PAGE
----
This reaction can involve either a new style of recovery of Christian themes or else a rejection of enlightenment rationality and discipline as being all too much a bastard offspring of Christianity itself.
Here one has dark, neo-pagan romanticism, what Taylor calls the ‘immanent counterenlightenment’. But then, he says, one gets the ‘nova effect’ amongst an élite and then a ‘super-nova effect’ amongst all – enlightenment and light and dark romanticisms engendering a vast number of strange new combinations.
So all this allows Taylor to take subtle account of mutating religion and the way that religion is not going to go away, without going to the extreme of some sociologists in denying the reality of secularization altogether. Secularization is a reality, then, but not an inexorable human destiny.
This means that we cannot think of it ‘subtractively’ as if secular belief and practice were a natural default position. To the contrary, secular ideas and cultural imaginings had to be strenuously invented. In particular, one has to work out how an immanent social order can be distilled from purely natural givens as regarding humanity. And this requires always some sort of new fiction about the most fundamental human essence – as freedom of choice, happiness-seeking, sympathetic, devoted to the dignity of freedom as such, heroically altruistic and so forth.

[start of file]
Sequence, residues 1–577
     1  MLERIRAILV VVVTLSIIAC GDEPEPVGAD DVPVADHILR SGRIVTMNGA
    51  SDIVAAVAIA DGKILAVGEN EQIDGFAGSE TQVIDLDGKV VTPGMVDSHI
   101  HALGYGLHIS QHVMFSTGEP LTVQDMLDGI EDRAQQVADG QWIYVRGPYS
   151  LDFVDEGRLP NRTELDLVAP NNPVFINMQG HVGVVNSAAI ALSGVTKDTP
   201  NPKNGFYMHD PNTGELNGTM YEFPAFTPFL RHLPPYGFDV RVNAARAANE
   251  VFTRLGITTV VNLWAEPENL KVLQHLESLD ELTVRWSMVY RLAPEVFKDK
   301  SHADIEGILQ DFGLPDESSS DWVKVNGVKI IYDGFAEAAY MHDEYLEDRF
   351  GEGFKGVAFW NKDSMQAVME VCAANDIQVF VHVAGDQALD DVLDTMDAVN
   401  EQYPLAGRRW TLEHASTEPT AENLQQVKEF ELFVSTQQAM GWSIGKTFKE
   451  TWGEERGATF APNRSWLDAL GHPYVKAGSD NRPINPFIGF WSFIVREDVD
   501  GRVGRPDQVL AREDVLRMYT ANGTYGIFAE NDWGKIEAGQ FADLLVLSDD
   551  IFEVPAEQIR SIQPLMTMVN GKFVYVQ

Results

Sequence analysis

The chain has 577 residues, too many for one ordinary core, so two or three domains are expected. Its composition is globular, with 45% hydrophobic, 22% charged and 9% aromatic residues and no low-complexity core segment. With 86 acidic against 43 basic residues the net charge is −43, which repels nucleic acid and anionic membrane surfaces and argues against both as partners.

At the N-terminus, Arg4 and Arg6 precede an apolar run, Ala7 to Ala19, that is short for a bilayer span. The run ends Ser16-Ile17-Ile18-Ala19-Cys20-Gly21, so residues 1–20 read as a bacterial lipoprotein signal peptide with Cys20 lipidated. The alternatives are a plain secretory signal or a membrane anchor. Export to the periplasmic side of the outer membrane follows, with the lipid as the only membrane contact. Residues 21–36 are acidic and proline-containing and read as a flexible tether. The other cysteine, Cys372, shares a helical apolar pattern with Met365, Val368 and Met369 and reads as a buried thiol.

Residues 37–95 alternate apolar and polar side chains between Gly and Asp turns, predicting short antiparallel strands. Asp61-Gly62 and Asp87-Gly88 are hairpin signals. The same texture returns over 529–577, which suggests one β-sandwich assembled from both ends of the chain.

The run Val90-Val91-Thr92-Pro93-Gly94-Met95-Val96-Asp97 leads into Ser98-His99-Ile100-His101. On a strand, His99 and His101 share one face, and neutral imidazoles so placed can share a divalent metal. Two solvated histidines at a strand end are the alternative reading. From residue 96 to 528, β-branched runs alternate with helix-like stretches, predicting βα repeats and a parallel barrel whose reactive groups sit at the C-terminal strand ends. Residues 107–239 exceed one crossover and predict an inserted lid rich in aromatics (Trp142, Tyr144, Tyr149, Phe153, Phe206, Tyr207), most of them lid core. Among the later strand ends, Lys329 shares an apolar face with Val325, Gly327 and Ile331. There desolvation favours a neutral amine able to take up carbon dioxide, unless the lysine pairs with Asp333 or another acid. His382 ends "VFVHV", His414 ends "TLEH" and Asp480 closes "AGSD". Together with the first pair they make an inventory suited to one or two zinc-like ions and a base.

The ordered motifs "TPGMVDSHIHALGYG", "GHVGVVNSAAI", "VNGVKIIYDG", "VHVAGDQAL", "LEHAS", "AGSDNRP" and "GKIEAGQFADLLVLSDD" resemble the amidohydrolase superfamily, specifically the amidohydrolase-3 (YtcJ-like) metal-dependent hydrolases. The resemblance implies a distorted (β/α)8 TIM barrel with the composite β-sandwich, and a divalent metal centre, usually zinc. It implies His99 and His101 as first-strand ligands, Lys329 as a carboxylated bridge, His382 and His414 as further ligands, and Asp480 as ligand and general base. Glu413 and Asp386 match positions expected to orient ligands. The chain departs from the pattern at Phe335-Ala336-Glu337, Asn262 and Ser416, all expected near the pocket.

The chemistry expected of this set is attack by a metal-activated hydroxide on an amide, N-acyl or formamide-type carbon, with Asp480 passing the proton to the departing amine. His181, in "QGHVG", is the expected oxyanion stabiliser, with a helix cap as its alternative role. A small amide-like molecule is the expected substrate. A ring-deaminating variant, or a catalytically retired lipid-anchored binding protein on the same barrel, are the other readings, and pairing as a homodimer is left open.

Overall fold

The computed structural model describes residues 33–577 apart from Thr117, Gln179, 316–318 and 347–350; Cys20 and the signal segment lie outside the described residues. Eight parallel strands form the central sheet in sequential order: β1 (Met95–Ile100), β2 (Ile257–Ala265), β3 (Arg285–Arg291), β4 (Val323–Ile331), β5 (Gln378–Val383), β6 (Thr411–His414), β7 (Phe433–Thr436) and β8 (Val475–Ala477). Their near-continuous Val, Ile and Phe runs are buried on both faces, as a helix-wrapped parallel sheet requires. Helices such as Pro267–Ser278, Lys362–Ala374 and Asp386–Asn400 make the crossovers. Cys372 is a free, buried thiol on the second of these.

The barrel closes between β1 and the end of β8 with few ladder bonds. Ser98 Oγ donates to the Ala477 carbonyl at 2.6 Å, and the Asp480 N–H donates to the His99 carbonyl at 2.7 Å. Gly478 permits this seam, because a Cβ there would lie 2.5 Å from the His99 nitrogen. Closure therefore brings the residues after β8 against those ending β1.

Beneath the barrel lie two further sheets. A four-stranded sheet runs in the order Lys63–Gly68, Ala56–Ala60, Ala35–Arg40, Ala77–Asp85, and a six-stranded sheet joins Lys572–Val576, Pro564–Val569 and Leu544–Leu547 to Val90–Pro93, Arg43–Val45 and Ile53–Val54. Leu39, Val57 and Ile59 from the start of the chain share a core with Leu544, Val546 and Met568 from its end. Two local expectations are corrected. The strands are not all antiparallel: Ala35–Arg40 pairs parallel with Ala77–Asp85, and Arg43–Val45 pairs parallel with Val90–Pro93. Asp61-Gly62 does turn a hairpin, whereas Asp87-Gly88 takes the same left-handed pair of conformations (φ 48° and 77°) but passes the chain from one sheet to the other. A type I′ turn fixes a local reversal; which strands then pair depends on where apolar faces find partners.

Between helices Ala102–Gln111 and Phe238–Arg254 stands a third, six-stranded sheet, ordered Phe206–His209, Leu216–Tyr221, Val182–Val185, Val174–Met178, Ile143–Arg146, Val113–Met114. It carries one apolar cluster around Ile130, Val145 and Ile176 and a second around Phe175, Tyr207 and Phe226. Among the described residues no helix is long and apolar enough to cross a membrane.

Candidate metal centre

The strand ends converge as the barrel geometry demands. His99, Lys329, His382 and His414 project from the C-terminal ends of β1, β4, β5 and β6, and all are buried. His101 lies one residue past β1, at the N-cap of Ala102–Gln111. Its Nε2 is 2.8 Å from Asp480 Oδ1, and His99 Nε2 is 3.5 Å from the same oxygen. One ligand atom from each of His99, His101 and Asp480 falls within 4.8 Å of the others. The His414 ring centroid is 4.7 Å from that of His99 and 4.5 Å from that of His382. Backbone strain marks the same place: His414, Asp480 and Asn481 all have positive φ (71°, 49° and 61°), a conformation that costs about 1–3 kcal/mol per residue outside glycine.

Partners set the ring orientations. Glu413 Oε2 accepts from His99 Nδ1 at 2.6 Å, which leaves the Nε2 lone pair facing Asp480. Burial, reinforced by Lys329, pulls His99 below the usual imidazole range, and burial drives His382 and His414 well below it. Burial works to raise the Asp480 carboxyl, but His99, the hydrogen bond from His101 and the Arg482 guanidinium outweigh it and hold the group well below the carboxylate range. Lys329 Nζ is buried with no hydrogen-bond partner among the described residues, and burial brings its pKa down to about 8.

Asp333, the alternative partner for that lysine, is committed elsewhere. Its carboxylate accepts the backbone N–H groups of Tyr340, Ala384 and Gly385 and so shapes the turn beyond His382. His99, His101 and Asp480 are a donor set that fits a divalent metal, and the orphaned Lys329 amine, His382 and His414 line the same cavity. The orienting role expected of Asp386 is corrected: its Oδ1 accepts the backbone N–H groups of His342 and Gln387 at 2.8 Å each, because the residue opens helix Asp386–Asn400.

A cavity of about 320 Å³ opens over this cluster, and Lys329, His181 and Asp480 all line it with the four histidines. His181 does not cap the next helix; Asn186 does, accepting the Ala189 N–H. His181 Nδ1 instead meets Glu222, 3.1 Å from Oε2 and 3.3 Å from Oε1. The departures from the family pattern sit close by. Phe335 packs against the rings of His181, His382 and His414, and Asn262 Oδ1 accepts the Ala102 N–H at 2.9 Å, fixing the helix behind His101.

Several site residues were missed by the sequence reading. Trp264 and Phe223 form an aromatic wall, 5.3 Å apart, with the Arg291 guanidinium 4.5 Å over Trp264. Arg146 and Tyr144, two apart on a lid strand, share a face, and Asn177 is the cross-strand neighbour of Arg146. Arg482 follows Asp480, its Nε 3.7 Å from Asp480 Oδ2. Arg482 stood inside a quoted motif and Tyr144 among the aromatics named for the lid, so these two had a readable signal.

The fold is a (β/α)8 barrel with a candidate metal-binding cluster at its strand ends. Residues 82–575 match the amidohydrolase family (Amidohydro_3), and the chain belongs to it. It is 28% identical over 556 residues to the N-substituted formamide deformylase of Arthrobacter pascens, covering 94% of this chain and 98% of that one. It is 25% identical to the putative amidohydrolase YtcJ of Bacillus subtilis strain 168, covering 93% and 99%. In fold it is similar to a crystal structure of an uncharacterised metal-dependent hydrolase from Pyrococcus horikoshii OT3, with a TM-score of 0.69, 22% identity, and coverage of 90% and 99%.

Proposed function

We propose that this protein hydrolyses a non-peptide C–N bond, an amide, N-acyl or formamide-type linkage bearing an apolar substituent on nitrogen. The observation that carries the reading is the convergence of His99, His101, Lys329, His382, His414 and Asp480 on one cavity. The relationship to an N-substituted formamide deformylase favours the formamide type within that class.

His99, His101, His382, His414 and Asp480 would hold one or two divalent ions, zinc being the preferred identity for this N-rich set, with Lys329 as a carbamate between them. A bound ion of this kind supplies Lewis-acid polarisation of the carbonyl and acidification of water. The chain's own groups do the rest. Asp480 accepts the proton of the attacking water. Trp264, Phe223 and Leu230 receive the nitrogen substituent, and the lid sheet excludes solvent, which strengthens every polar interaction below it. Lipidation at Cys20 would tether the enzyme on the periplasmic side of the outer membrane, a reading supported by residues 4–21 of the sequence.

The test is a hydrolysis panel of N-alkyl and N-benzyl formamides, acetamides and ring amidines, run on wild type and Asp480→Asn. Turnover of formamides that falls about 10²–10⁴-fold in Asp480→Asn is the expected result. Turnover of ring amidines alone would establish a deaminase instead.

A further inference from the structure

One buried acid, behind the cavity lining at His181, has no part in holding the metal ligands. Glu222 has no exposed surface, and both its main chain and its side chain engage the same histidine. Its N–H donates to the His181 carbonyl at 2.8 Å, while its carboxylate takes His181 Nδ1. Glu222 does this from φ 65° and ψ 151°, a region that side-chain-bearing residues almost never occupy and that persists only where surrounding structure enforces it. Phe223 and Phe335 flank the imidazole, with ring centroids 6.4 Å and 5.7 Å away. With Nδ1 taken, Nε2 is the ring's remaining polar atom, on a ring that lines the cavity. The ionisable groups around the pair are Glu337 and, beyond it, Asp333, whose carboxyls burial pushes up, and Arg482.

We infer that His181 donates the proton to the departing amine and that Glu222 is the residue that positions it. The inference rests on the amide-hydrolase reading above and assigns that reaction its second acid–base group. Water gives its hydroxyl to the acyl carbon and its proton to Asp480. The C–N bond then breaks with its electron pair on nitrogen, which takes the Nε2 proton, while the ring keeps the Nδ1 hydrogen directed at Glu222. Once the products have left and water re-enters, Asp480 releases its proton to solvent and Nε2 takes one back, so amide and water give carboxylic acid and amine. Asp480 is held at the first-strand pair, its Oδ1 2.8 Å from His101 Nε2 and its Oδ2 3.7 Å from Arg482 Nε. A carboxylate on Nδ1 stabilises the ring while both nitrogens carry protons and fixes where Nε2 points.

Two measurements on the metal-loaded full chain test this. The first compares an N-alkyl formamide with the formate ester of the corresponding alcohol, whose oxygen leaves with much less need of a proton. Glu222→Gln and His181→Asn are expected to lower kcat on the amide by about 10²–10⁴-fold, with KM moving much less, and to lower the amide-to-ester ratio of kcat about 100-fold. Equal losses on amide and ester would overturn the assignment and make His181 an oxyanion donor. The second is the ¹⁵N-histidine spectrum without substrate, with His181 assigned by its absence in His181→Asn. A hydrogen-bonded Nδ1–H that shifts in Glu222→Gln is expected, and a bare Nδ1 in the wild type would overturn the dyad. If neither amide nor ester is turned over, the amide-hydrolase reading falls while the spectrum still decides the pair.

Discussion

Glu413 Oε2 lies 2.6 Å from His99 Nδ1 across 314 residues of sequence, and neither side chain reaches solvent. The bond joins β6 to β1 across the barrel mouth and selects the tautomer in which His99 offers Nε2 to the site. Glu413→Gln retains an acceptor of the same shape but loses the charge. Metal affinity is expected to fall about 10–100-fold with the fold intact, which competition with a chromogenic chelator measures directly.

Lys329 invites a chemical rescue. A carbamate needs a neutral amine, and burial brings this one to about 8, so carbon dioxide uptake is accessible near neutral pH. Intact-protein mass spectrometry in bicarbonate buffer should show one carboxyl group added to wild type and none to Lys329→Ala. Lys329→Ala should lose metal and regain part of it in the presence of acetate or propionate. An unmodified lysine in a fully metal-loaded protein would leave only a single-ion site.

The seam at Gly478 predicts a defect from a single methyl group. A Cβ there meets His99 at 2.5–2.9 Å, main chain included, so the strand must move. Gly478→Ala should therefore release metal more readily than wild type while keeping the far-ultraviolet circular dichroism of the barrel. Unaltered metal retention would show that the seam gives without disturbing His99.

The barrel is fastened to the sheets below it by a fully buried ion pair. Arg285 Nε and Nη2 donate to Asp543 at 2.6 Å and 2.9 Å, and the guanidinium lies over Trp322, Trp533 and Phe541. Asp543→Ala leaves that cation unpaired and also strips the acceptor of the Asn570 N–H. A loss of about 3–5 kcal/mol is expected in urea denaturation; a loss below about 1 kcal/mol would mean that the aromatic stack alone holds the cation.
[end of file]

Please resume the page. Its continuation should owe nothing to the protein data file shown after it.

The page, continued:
Though these are in a sense supposed to be derived from ‘human life’ as such, they are inevitably, as Taylor says, ‘metabiological’ principles, scarcely susceptible to demonstration and certainly not to proof. They represent decisions as to what constitutes an immanent human transcendence – all within a further decision that only such a mode of transcendence is real or at least socially relevant.
Here though, one should note a slight complication in Taylor’s mode of presentation. By denying the automatic natural negativity of the secular humanist position he specifically exalts its remarkable character as a positive imaginative and practical achievement.